In light of the recent East-West tensions due to Russia’s near-annexation of Crimea, China’s aggressive behavior in the East and South China Seas, continued instability in the Middle East, and the threat of a nuclear Iran, or worse, a failed nuclear Pakistani state highlight the dangers the United States faces in the decades to come. The recently released DoD Budget and QDR both highlight the need to rebalance the force through greater investments in technological solutions at the expense of manpower along with the future applications of the joint force.
Current debate is focused on Russia’s actions in Crimea, the political crisis in Ukraine at large, or Western impotence. Russia’s long-term strategy is missing from the conversation. Perhaps Moscow does not have one, but that would be a foolish assumption. So what is motivating Russia to focus its attention on a tiny peninsula where some Russian speakers it could care less about reside?
Ultimately to use a cliché, annexation of Crimea or any intervention into the territorial sovereignty of Ukraine will back-fire, because it will rile up support for Kiev not for Moscow and it will allow the Ukrainian’s to dislodge themselves from the yoke of Russian power. Instead of creating the new Soviet Bloc that Putin desires, he will be creating a western style democracy, that will look westward for assistance and further isolate Russia.
Amid the media response to the ongoing crisis in Crimea, a surprising theme has emerged in certain political circles: Putin-envy. The Russian president who has strived to cultivate a macho image has garnered praise for authoritative leadership and strategic acumen, ostensibly in contrast to his chief international rival, President Obama.
If conventional war was suspect prior to the GWOT, the possible outcome of the Crimea conflict could almost cement the impossibility of such a war occurring again in the future. It may sound sick when I say that this current dynamic is actually a healthy exercise, as it should provide our government with a wake-up call concerning what a possible conventional war could look like.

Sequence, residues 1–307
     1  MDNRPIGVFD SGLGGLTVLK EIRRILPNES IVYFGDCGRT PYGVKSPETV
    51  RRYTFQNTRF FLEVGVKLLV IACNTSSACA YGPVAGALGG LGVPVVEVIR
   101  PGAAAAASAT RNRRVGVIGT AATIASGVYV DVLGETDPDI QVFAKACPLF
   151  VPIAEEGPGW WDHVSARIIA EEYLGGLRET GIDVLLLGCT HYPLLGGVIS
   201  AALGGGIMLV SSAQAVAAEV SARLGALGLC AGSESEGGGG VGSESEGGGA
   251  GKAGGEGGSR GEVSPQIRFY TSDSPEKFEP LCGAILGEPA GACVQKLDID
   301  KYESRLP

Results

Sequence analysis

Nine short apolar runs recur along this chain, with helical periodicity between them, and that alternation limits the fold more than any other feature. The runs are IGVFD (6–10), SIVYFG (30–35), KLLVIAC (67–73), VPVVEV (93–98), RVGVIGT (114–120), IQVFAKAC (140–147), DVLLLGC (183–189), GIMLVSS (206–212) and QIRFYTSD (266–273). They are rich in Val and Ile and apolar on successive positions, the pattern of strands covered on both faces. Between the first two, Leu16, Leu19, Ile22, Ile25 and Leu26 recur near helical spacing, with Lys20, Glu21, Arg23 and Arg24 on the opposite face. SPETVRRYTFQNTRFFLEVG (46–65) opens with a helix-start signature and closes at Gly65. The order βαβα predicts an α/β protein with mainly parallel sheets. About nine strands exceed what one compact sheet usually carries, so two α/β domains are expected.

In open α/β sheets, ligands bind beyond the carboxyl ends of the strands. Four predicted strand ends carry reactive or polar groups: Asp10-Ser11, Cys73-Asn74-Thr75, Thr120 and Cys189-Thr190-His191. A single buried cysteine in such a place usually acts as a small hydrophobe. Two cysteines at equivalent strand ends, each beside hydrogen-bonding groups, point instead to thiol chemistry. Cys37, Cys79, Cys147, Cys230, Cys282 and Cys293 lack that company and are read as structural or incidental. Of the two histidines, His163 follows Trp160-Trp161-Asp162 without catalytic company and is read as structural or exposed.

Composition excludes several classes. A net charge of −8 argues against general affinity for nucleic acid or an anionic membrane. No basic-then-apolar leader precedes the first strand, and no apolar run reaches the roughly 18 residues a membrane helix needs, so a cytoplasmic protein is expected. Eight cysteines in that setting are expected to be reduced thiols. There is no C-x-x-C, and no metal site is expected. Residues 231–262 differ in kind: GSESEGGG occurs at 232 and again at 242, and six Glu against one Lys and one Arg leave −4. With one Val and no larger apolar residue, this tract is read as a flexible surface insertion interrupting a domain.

Misguided pride in former glory is a poor reason to start a war, and it is important that as a matter of policy that allowing a war to be fought is the last option. It is also important to prevent Ukrainians from losing the independence they had sought for. The best option is the one where a solution is negotiated.
The way out of the Crimea issue is achievable considering the national interests of both the US and Russia. Negotiations can be made, back doors can be opened, and assurances can be given to Kiev and Europe. What is happening in 2014 does not necessarily entail a Cold War part deux, yet the path our policymakers are on make that more likely; simply because we forego history for expediency and bluster.
The United States has a choice that the Crimean case illustrates very clearly: the U.S. can help shape this new world, or it can continue to be shaped by it. Based on the debate and news that the White House has not asked for any military options in Crimea, it looks like the latter is coming true (although, it should be said, there are some interesting non-military options, too). In the end, the endless debate about Crimea is truthfully not about its future, but about the decline of U.S. power. The United States only has its postwar self and current self to blame.
The Crimean situation, or the “Situation Formerly Known as the Ukrainian Situation,” has no good solutions. But there are some worse than others. On one level, it doesn’t matter much to America, nor to Europe, whether Russia or Ukraine (or, if you want to get really old school, the Turks) controls the Crimea. From a popular-sovereignty point of view, the peninsula is largely Russian and so it makes sense that it would wish to be part of Russia. From a force-majeure point of view, Russia has a fleet and forces on the scene, first mover advantage, and plenty of motivation. So there is a powerful case for acceding to the fait accompli, because after all, who wants to be the last man to die for Simferopol?